• When Does a Buyer Not Require a General Warranty Deed?

    When Does a Buyer Not Require a General Warranty DeedA general warranty deed is by far the most common type of deed and is used in traditional property sales between parties that do not know one another. It is the most extensive type of deed with respect to the kinds of protections and representations it makes. A general warranty deed guarantees that the seller of the property has good and marketable title to the property and has the right to pass on such title to a subsequent buyer. The deed also guarantees that the seller will step in on the buyer’s behalf and incur the costs of defending the title or assume liability for the buyer’s damages if necessary.

    In some situations, a general warranty deed is not necessary or is not appropriate given the context of the purchase. A special warranty deed can be given when the seller seeks to warrant that he has not engaged in any actions that may impair the quality of title, but makes no representations about whether previous owners have impaired title (such as having outstanding judgments). Thus, this deed does not contain representations about defects in title that arose when the seller was not in possession of the property. Special warranty deeds are typically used in divorce settlements when one spouse conveys title to the family home to the ex-spouse.

    A quitclaim deed is the third type of deed used in exchanges of property. This type of deed is often utilized when there is no sale of property in the transaction. The quitclaim deed simply conveys the seller’s interest in the property, regardless of the marketability of that interest or the quality of the title. In a quitclaim deed, the seller does not warrant or make promises as to the nature of his interest in the property, if any exists at all. Buyers should be extremely hesitant to accept a quitclaim deed; if the seller ultimately has no interest in the property, then the buyer cannot obtain damages.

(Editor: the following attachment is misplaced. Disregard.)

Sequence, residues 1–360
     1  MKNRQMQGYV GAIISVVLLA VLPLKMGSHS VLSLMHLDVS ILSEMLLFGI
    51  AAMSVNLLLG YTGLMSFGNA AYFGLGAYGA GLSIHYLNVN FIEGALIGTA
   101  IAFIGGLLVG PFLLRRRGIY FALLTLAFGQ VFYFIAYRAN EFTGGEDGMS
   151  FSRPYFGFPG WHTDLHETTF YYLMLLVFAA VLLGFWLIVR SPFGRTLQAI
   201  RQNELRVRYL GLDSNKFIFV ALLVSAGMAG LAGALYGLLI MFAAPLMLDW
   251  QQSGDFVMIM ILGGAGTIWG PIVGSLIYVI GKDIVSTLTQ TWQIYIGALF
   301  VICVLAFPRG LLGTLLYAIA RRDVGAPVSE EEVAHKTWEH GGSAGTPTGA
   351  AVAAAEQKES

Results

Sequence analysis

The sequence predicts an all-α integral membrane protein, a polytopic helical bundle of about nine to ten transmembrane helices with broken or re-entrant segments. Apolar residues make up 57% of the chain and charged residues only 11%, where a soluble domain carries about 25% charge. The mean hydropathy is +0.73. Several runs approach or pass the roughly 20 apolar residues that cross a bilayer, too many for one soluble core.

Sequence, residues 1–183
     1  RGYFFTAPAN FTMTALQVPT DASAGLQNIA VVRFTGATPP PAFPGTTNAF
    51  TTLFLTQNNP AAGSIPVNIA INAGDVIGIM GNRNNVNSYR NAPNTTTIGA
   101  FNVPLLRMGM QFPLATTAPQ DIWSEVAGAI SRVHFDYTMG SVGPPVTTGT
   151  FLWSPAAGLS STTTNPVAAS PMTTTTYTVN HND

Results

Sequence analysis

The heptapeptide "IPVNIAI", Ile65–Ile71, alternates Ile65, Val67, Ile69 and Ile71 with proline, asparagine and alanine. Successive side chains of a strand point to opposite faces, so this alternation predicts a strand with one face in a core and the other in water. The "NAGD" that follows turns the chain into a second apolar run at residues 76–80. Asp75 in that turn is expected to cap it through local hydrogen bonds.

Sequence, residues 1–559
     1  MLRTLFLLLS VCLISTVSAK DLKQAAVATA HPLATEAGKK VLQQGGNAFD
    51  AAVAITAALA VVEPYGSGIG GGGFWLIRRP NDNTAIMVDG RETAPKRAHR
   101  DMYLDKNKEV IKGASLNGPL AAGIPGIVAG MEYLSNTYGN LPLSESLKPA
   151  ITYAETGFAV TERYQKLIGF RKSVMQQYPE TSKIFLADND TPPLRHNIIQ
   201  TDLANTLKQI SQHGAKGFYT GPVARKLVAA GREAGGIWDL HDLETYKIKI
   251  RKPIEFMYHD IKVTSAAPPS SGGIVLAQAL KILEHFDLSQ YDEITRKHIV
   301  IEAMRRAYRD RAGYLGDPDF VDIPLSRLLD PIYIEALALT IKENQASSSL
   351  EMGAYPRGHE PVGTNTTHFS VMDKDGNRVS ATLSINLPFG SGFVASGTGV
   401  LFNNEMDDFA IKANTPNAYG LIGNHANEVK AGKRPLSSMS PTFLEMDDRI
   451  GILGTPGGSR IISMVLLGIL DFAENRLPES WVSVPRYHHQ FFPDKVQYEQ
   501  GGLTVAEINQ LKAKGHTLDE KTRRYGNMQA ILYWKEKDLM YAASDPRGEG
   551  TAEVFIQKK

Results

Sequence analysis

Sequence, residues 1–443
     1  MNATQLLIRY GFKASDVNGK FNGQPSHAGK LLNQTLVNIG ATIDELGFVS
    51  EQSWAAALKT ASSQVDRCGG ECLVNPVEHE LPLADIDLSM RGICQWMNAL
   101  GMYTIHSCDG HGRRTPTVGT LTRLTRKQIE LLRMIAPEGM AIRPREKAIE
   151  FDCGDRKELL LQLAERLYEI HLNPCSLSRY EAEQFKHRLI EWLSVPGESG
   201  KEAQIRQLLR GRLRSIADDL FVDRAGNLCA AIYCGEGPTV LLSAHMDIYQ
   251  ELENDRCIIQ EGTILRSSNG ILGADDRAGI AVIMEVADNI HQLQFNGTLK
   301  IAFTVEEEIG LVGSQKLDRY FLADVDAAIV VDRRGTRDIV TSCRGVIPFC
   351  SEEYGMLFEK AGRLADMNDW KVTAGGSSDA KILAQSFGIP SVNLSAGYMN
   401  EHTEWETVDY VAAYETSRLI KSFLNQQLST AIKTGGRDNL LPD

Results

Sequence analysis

In certain contexts, quitclaim deeds are suitable for the conveyance of property between parties. For example, they are used when a property owner dies and bequeaths the property to an heir. A quitclaim deed is also appropriate where the seller cannot legitimately make warranties about the property. For example, a boundary line between neighbors that is in dispute and not clearly demarcated may be fixed through the use of quitclaim deeds. Neither party can guarantee that he has good and marketable title to the affected property where the property line is contested.

    The experienced team of attorneys at the Law Offices of Mark Weinstein, P.C. can help you litigate your real estate claims. Contact Mark Weinstein and his colleagues at (770) 888-7707 or visit them at http://www.markweinsteinlaw.com to find out how they can advise you.

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